Although the candidate DRE must complete a minimum of twelve (12) drug evaluations (standard 1.10), standard 1.11 requires only 75 percent of those to include a biological sample. This allows for those cases in which a biological sample is unavailable, such as when a subject refuses or cannot provide one. In those cases when an evaluation is not supported by forensic toxicology, a certified
DRE instructor should ensure that the candidate DRE’s opinion was based on observable signs and symptoms consistent with the opinion.

1.12 Prior to concluding field certification training, the candidate shall satisfactorily complete an approved “Certification Knowledge Examination.” The examination shall be administered and the results reviewed by at least one certified instructor. The examination shall only be administered after the candidate has completed not less than three drug evaluations.

Commentary: The “Certification Knowledge Examination” consists of a comprehensive written examination followed by a detailed interview with the reviewing instructor(s). As stated previously, certification is based on the evaluation by the instructor(s) of the skills and abilities of the candidate rather than on the completion of a specified set of tasks. The purpose of the examination and interview is to aid the instructor(s) in evaluating the candidate's qualifications, performance and general abilities.

The examination should be administered when, in the judgment of the reviewing instructor(s), the candidate has demonstrated proficiency in conducting, evaluating and documenting results of the drug evaluation process.

1.13 The candidate DRE shall complete the field certification phase of training within six months following completion of the classroom training, unless the time limit is extended by the appropriate DRE coordinator.

Commentary: Under normal circumstances, a candidate not completing field certification within the prescribed time period will be dropped from the program. However, a reevaluation of the candidate's qualifications and the reasons for non-completion may be conducted by the appropriate DRE coordinator to determine whether or not circumstances exist that indicate that the candidate should continue in the program.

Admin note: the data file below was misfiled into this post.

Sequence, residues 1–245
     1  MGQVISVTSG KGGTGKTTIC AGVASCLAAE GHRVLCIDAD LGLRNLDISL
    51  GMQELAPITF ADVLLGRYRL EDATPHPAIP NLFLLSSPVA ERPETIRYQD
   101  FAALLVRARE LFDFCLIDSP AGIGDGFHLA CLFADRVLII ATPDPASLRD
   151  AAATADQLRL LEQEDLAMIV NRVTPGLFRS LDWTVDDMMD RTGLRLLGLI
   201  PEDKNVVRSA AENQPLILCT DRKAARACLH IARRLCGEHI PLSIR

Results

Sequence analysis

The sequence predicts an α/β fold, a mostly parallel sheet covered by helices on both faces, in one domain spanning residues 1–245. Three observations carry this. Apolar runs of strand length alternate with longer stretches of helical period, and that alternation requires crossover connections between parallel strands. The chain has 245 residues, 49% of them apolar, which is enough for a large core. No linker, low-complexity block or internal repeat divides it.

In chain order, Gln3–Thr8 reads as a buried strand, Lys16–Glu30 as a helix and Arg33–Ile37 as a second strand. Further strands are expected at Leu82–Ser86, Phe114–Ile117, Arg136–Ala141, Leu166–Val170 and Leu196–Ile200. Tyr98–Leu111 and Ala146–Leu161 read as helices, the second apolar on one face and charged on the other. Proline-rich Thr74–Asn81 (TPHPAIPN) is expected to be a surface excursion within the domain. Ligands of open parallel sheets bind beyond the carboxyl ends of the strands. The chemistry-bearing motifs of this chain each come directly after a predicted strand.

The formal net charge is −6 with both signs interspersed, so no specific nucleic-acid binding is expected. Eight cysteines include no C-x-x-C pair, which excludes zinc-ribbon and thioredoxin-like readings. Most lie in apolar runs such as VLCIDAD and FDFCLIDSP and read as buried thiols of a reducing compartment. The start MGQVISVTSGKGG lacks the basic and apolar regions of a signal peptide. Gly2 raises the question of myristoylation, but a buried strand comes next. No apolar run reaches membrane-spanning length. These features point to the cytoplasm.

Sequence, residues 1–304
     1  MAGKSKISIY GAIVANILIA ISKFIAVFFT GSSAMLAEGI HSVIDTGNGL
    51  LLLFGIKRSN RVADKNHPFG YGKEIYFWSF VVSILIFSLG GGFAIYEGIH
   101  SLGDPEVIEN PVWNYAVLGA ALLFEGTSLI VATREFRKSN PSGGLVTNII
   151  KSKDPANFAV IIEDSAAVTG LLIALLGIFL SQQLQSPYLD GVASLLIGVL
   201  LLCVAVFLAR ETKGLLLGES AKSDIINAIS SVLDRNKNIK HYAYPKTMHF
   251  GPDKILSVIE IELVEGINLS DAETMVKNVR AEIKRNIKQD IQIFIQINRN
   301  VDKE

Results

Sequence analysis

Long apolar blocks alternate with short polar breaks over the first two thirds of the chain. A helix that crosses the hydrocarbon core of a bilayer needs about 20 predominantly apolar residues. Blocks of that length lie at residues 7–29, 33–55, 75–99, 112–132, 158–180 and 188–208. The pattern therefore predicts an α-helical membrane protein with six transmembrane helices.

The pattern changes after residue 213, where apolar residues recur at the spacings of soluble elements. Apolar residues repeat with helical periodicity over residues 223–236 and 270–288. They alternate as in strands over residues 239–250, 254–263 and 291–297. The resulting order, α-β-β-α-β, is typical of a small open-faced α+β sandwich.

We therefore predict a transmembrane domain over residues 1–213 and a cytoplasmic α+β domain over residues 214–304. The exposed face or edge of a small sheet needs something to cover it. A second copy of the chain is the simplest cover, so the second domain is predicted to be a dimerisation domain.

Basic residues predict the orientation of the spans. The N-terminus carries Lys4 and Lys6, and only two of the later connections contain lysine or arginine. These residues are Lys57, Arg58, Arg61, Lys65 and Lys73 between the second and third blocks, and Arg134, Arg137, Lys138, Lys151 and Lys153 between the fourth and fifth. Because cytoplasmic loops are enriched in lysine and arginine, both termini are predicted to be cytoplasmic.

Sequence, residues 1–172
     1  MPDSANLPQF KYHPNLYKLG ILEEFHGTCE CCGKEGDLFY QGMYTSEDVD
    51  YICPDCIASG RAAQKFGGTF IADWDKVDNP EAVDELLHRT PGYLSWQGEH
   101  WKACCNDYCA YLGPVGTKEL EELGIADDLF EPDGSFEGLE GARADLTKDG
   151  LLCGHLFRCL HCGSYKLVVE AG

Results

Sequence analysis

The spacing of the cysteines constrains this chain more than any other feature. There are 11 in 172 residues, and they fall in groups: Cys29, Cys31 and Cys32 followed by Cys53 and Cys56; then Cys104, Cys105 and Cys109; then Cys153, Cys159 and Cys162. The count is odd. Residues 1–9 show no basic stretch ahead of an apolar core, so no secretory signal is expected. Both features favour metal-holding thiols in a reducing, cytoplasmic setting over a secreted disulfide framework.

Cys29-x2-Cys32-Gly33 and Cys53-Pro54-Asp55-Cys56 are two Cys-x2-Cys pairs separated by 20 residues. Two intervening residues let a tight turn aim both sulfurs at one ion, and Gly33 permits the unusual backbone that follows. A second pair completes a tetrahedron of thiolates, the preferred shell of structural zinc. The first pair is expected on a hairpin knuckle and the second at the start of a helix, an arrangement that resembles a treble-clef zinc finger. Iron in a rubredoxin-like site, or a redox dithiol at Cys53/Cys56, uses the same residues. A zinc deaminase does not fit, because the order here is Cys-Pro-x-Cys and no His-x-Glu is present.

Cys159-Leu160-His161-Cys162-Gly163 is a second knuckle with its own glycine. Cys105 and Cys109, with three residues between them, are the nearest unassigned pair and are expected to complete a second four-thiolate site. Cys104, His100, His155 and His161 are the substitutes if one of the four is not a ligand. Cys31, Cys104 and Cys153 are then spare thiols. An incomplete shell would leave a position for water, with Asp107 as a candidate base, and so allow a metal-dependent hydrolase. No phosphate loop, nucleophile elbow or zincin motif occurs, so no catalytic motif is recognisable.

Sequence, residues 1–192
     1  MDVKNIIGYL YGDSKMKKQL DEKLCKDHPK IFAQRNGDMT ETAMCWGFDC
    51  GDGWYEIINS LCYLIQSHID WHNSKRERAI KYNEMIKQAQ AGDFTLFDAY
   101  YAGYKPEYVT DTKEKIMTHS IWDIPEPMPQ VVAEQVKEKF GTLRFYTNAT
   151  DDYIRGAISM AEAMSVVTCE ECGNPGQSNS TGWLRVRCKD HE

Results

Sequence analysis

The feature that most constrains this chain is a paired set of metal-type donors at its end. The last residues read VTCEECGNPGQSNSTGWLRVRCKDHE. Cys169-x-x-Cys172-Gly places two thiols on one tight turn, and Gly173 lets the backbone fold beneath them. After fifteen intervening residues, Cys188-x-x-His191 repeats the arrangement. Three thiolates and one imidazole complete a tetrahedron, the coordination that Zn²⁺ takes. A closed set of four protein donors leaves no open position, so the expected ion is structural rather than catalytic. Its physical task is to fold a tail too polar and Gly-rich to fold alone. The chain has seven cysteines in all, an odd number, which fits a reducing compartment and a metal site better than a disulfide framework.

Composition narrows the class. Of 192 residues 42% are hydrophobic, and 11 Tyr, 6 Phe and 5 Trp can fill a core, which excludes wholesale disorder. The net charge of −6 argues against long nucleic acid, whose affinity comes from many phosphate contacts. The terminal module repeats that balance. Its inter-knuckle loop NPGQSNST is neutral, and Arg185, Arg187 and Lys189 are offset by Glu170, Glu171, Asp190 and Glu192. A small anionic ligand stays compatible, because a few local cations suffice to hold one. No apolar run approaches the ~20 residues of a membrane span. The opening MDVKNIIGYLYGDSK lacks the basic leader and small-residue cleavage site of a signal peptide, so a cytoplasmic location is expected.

1.14 By the time the candidate DRE has completed field certification training, the candidate shall have prepared a résumé which shall reflect the candidate’s training and experience in drug recognition. The résumé shall include a complete log of all evaluations in which the candidate has participated.

Commentary: In order to be accepted as a credible witness, the drug recognition expert must be able to document and articulate a body of information concerning training, qualifications and experience in the field of drug evaluation and classification. Toward this end, candidates are instructed in the importance and proper preparation of a professional résumé.

1.15 When the candidate DRE has satisfactorily completed all requirements of the classroom and field certification portions of training, at least two certified DRE instructors who have observed the candidate during the field certification process will verify that the candidate meets all requirements for certification as a drug recognition expert.

Commentary: The certification process relies in large part on the judgment of the instructor(s) as to the abilities and performance of the candidate. Experience has shown that in many cases, particularly those in which a candidate's qualifications may be in question, the opinion of a second instructor as to readiness for certification is of value. In addition, the use of a second instructor to evaluate the candidate may overcome any bias, either for or against a candidate. For these reasons, each candidate must be evaluated by at least two instructors prior to becoming certified as a DRE.

1.16 Following completion of certification requirements, copies of all documents, including test results, evaluation logs and drug evaluation reports shall be forwarded to the agency DRE coordinator who shall forward all documents to the state coordinator. The state DRE coordinator shall forward the names and copies of certification progress logs of the DREs they have certified as having successfully completed all phases of the DRE training program. The IACP will then credential each applicant and will register him as a certified drug recognition expert.

Commentary: The IACP staff shall maintain current listings of persons certified as drug recognition experts. Upon notification that a person has met all requirements, staff shall complete and forward to the state coordinator a certificate indicating that he meets all requirements of the Drug Evaluation and Classification Program as a drug recognition expert. The state coordinator shall forward these documents to the agency which, in turn, will present them to the DRE.